Ms Sturgeon announced details of the death in response to a Scottish parliamentary question from Jackson Carlaw, the Conservative public health spokesman. She said that an outbreak control team was reviewing the circumstances and would prepare a full report. Ms Sturgeon also said that six patients at the infirmary had been affected by a C.diff outbreak in October last year. The cause of that outbreak could not be determined.

Mr Carlaw said: “This really is not acceptable. The Scottish NHS needs to usher in a new era of openness, and fast ... we need to know who is being held to account.”


How the Hadley Centre spins the data on non-warming

Britain's Hadley Centre for Climate Prediction and Research is in a bit of a pickle at the moment. On the one hand, the Hadley Centre is a firm believer in the hypothesis that humans are the main cause of global warming and that we're heading toward catastrophe. It even devotes several of its web pages to waving a nagging finger at those foolish enough or unprincipled enough to believe otherwise.

On the other hand, the Hadley Centre, as part of the British Meteorological Office, is also churning out data showing that the planet isn't warming at the moment, and hasn't for the past 10 years or so.What to do?

As principled scientists, the Hadley staff can't cook the books so the temperature figures fit the hypothesis, although at least one other major climate centre is doing its best to keep its figures matching the hypothesis. On the other hand, if the general public got the idea that maybe the planet wasn't warming after all, despite what we've all been told so often, they might rebel against punitive carbon taxes and go back to their materialist-loving ways.

The Hadley Centre's solution is a combination of spin-doctoring and let's hope nobody notices.You find the spin in its finger-wagging admonitions that we mustn't take this non-warming trend at all seriously. Just temporary. Planet's still warming. Move along; nothing to see here.So, in its webpage on Climate Facts #1, it says: "There is indisputable evidence from observations that the Earth is warming."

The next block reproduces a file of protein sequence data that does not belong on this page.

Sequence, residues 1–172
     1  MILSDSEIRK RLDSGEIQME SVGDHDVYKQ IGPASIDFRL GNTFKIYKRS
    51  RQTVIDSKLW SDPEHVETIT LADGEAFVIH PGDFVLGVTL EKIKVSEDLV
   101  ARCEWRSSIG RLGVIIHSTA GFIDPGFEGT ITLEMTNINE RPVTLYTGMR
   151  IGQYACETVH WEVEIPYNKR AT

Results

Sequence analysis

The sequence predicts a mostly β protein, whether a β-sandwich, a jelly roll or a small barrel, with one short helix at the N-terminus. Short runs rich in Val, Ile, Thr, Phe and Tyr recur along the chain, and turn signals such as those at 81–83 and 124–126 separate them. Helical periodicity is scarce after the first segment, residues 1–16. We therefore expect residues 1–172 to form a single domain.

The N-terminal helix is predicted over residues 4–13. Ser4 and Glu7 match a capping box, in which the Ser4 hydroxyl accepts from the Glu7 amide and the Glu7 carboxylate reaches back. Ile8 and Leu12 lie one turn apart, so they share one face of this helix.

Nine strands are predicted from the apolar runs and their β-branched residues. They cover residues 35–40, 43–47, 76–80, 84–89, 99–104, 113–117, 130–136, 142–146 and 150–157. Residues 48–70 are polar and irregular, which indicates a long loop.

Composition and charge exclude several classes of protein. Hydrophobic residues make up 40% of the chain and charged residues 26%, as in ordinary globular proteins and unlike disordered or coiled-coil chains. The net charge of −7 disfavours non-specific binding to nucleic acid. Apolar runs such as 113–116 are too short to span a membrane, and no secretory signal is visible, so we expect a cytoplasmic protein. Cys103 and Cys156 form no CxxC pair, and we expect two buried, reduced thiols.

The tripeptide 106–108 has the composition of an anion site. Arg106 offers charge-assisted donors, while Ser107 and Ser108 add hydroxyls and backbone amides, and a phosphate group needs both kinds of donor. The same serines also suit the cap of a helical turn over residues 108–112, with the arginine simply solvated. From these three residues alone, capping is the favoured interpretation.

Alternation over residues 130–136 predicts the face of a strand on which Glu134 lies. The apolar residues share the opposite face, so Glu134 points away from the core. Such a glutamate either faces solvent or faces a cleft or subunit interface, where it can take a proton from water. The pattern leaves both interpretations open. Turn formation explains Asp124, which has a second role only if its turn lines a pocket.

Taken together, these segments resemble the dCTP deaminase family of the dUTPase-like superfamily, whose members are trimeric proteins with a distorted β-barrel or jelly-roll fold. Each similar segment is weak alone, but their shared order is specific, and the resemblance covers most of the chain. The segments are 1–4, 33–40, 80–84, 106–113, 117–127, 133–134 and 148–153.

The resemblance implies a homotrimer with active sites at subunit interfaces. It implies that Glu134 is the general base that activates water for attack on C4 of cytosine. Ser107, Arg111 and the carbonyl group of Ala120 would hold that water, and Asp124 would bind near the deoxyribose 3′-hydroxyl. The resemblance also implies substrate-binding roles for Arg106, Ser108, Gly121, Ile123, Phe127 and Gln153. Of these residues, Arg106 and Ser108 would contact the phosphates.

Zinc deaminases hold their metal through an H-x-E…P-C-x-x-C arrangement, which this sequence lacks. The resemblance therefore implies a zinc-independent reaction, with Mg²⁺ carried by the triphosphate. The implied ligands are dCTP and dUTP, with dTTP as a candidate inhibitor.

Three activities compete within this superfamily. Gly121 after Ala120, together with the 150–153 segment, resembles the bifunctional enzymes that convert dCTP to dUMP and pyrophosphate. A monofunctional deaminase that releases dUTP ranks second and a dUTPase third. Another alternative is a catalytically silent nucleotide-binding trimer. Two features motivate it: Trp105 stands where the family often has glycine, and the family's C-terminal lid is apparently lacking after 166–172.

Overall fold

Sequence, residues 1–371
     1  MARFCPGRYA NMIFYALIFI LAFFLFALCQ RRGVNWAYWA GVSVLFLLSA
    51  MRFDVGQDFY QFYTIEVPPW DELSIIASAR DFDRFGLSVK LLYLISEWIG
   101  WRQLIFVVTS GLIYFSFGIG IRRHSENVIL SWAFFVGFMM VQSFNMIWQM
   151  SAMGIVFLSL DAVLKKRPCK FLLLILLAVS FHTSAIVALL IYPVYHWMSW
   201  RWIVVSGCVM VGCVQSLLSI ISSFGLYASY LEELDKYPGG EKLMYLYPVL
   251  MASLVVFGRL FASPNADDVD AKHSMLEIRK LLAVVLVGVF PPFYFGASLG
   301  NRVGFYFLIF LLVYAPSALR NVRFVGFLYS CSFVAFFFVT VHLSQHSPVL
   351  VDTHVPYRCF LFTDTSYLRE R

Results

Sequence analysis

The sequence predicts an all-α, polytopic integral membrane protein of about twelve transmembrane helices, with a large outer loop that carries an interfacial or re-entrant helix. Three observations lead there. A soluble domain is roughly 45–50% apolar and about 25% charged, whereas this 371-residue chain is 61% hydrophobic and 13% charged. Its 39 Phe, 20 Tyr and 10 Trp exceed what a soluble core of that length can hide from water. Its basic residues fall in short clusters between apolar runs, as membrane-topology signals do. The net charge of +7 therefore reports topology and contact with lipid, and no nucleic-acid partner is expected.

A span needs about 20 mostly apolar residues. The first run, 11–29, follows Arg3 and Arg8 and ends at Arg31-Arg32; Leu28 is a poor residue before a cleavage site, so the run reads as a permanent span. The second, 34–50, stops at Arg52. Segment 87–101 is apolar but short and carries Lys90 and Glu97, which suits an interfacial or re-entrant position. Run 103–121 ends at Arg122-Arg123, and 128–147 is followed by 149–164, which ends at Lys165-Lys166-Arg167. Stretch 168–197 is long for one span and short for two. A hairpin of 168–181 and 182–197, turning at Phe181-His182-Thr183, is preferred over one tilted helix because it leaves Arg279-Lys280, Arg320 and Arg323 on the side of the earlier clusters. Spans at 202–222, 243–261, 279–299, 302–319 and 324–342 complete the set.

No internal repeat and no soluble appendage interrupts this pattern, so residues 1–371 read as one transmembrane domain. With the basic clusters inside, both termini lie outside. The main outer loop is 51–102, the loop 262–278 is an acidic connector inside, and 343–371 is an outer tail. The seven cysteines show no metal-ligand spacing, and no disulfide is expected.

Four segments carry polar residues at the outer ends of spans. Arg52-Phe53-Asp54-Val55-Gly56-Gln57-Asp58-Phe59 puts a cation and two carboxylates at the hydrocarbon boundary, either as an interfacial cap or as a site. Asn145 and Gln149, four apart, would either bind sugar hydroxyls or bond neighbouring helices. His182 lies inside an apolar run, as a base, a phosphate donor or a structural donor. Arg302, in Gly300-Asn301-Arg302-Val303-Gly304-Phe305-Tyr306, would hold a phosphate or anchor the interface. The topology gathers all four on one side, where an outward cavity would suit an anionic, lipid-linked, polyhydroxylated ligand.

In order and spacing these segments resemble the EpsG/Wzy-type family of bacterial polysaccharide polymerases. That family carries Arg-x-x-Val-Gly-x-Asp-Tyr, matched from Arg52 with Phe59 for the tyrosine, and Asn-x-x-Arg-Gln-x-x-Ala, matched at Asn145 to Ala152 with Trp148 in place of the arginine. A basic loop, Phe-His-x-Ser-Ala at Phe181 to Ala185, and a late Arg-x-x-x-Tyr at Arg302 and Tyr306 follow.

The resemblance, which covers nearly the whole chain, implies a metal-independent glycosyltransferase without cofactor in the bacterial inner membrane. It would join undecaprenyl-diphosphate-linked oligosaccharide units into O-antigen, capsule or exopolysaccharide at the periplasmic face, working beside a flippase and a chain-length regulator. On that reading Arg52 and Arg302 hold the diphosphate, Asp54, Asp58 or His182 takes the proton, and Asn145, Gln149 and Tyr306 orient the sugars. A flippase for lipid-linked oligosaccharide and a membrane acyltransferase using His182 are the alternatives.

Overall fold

This is hardly controversial; even the pesky warming skeptics who annoy the Hadley Centre so much agree on the earth is, overall, on a warming trend. But, just to make sure we're clear so far: the earth is in an overall warming trend (interglacial) right now and would be whether humans were a factor or not. Humans causing `most of the warming'?

Hadley goes on: "Concentrations of CO2, created largely by the burning of fossil fuels, are now much higher, and increasing at a much faster rate, than at any time in the last 600,000 years. Because CO2 is a greenhouse gas, the increased concentrations have contributed to the recent warming and probably most of the warming over the last 50 years" So, just so we're clear: humans are the primary (Al Gore likes to use the term "principal") cause of global warming - that's what's meant by causing "most of the warming."

But then, Climate Fact #3 tells us: "Earth's climate is complex and influenced by many things, particularly changes in its orbit, volcanic eruptions, and changes in the energy emitted from the Sun. It is well known that the world has experienced warm or cold periods in the past without any interference from humans". So, humans are causing "most of the warming" at the moment, but not warming in the past, and there are many other causes of warming as well, all natural, and all, one would think, a lot more powerful - solar orbit changes, volcanoes, variations in solar energy - than anything humans could throw at the planet.

The site goes on: "In recent ice ages, natural changes in the climate, such as those due to orbit changes, led to cooling of the climate system. This caused a fall in CO2 concentrations which weakened the greenhouse effect and amplified the cooling. Now the link between temperature and CO2 is working in the opposite direction. Human-induced increases in CO2 are driving the greenhouse effect and amplifying the recent warming".

Driving or amplifying? They aren't the same thing. We've got two processes here, described by two different verbs: driving and amplifying. Even though the planet is warming naturally (Fact #1), which would naturally tend to increase CO2 levels anyway, human-emitted CO2 is "driving" the greenhouse effect. This is an amazing feat when you consider that human-added concentrations of CO2 are only about five per cent of natural carbon emissions every year from factors like rotting vegetation, volcanoes, and the like. And amazing considering that 90 to 95 per cent of the greenhouse effect is produced by water vapor, not CO2.

Never mind. For the Hadley Centre, five per cent of a trace gas like carbon dioxide (CO2 is only 380 parts per million in the atmosphere, to which human emissions add about 10 ppm every five years) is "driving" the greenhouse gas system.

Then the Centre backtracks a bit and says we humans are "amplifying," rather than "driving," the recent warming. How much are we "amplifying" natural warming? Presumably about five per cent. Is an amplification of five per cent enough to produce "most of the warming" we've experienced over the past 30 years? It's unlikely, especially considering that the planet warmed about the same amount from 1850-1940, when human carbon emissions were still relatively low.